Under Burns' Ann. St. 1914, § 7471a, relating to bulk sales of merchandise, the question as to whether a fraudulent intent in fact existed and entered into the transfer is not material, and if it be found that the purchaser complied with the statute, the court can say as a matter of law that the purchaser had no intent to defraud the seller's creditors; but if the purchaser failed to comply with the statute, the transaction is tainted with a fraudulent intent as a matter of law. 2. FRAUDULENT CONVEYANCES 47-EFFECT OF FAILURE TO GIVE NOTICE REQUIRED BY


ment of the La Porte circuit court for that amount, and facts are alleged showing that appellant purchased the stock and fixtures in bulk, and that it failed to comply with the provisions of section 7471, Burns 1914, relating to such sales.

The sworn complaint and a certified copy of the judgment were introduced in evidence on behalf of plaintiff, and the defendants introduced certain affidavits as a defense. After a consideration of the evidence so introduced the court entered an order declar

ing and appointing appellant George Kraft Company receiver of the stock of goods so purchased from the Independent Five & Ten Cent Stores of New York for the benefit of plaintiff, and directing it to qualify as such receiver by filing bond in the sum of $10,000. From the order so entered this appeal is takThe only question presented by the sev

Failure on the part of a purchaser of a stock of goods to give the notice required by Burns' Ann. St. 1914, § 7471a, relating to bulk sales, renders the whole transaction fraudulent per se as to creditors, regardless of the actual good faith of the parties involved, and regardlessen. of compliance with the statute in other re-eral errors assigned relates to the sufficiency spects. of the evidence to sustain the finding on which the order is based.




That a judgment against the seller of a stock of goods is disputed and is still in litigation does not remove it from the operation of Burns' Ann. St. 1914, § 7471a, requiring a purchaser of goods to notify the seller's credi


Statutes regulating the sales of stocks of merchandise in bulk similar to the one on which this proceeding is based have been passed by nearly all of the states of this country. This widespread legislation on the subject indicates that there was a general belief in the existence of a prevalent evil which such legislation was intended to suppress. The evil sought to be corrected was the tendency and practice of merchants An appeal bond stays all proceedings for heavily indebted to make secret sales of their the enforcement of judgment during the pend-merchandise in bulk for the purpose of deency of the appeal, and suspends the authority of a receiver appointed to take charge of the property during such time.


frauding their creditors. Under the statutes of this state as existing prior to the enactment of the one under consideration, the

Appeal from Superior Court, St. Joseph question as to whether a conveyance of lands County; George Ford, Judge.

Action by Adolph Heller against the George Kraft Company and others. From an interlocutory order appointing a receiver, defendants appeal. Affirmed.

Hubbard & Pettengill, of South Bend, and Newman, Poppenheusen, Stern & Johnson, of Chicago, Ill., for appellants.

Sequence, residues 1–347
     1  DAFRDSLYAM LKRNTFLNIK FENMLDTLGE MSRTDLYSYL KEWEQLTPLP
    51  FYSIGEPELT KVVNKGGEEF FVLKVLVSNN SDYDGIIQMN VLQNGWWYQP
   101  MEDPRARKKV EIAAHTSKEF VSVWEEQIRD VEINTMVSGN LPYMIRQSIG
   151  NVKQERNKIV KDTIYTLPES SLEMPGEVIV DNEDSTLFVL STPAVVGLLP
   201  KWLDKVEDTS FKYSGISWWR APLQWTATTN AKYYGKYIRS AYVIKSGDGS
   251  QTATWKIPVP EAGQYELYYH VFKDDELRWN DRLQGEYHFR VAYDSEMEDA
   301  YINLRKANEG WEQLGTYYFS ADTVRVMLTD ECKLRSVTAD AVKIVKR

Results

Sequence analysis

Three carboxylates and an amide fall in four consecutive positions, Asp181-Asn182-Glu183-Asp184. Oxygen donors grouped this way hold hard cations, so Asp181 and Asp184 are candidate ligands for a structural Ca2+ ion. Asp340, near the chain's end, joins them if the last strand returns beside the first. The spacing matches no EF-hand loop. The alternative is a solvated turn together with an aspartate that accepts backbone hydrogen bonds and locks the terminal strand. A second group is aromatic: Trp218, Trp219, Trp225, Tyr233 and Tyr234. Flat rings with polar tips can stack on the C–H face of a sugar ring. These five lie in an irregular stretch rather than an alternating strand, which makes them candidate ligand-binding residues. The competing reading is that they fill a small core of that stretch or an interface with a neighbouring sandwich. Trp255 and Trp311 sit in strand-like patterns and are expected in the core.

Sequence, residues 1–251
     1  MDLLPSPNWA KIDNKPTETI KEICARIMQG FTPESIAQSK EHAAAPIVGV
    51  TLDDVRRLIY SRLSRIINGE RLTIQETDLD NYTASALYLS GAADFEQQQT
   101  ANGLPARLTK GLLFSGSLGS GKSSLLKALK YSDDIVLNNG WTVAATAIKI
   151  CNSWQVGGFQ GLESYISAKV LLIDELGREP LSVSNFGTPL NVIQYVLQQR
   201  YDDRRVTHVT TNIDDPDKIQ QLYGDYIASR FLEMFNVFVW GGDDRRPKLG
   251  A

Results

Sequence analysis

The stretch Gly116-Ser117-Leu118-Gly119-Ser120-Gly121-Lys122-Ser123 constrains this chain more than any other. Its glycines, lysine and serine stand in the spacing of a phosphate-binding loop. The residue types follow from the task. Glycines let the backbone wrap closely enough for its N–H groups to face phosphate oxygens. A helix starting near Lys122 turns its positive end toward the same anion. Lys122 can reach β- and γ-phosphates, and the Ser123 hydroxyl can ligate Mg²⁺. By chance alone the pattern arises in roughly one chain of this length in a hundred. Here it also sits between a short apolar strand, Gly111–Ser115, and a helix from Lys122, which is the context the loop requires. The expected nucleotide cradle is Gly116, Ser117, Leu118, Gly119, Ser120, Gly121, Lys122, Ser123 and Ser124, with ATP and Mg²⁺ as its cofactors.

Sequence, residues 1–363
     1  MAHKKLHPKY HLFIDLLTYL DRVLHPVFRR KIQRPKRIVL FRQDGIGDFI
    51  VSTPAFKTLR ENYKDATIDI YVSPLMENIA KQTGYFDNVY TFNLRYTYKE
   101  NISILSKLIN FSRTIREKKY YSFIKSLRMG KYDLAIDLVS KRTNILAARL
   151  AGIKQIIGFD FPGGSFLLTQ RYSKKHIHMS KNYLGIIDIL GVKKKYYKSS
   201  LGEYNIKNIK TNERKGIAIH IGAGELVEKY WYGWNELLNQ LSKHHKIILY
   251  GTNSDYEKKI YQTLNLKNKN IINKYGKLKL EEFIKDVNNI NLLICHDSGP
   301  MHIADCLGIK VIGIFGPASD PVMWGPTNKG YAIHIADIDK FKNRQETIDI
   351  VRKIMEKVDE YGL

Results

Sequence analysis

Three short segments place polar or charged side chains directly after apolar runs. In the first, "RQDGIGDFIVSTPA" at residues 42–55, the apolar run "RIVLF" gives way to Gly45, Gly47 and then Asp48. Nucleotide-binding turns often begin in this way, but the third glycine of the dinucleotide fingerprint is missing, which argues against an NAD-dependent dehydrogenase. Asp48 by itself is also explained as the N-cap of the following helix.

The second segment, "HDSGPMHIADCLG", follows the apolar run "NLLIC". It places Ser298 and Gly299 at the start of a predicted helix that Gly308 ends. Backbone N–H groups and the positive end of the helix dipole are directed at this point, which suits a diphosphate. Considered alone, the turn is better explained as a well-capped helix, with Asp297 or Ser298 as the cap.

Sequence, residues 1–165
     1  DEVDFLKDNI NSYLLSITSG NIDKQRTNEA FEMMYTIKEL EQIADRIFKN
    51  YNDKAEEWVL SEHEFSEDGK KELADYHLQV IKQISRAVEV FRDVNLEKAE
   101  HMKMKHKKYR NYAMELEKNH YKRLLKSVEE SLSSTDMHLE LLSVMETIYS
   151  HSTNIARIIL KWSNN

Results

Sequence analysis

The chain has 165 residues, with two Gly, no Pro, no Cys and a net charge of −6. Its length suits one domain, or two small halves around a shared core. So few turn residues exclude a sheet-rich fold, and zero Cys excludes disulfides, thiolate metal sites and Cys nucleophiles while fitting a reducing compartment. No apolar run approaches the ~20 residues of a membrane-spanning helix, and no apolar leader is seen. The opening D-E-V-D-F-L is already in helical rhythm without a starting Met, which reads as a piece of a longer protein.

or an assignment or transfer of personal property was or was not made with a fraudulent intent for the purpose of defrauding, hindering, or delaying creditors was one of fact. Sections 7479, 7483, Burns 1914. Under the law as it so. stood, the court or jury trying the case was required to decide from the facts and circumstances that a fraudulent intent did or did not exist as a fact. It

G. A. Farabaugh, of South Bend, for ap- must be assumed that some reason known to pellee.

the Legislature existed which led that body to the conclusion that the rule requiring LAIRY, J. This is an appeal from an in- fraudulent intent to be proved as a fact from terlocutory order appointing a receiver in a subsidiary facts and circumstances disclosed proceeding filed by appellee against appel- by the evidence should be abrogated in cases lant, wherein appellee demanded judgment involving the sale of stocks of merchandise in the sum of $7,500 and prayed an order of in bulk. As a consequence the Legislature court declaring appellant George Kraft Com- by the act under consideration placed sales pany to be a receiver of a stock of merchan- of this kind in a class by themselves, and

For other cases see same topic and KEY-NUMBER in all Key-Numbered Digests and Indexes 125 N.E.-14

that he shall demand and receive from the seller a written list of names and addresses of the creditors of the seller, with the amount of indebtedness due or owing to each, and certified by the seller under oath to be a full, accurate, and complete list of his cred

provided that the purchaser at such sales should take certain steps specified in the statute prior to concluding the sale and paying the purchase money. The statute provides that, in case the purchaser conforms to the provisions of the statute, he shall not be held accountable in any way to any cred-itors and of his indebtedness. It is shown itor of the seller. Secton 7471c, Burns 1914. On the other hand, if he fails to take the steps imposed in conformity to the terms of the act, the sale is fraudulent as a matter of law so far as the creditors of the seller are concerned. Section 7471a, Burns 1914.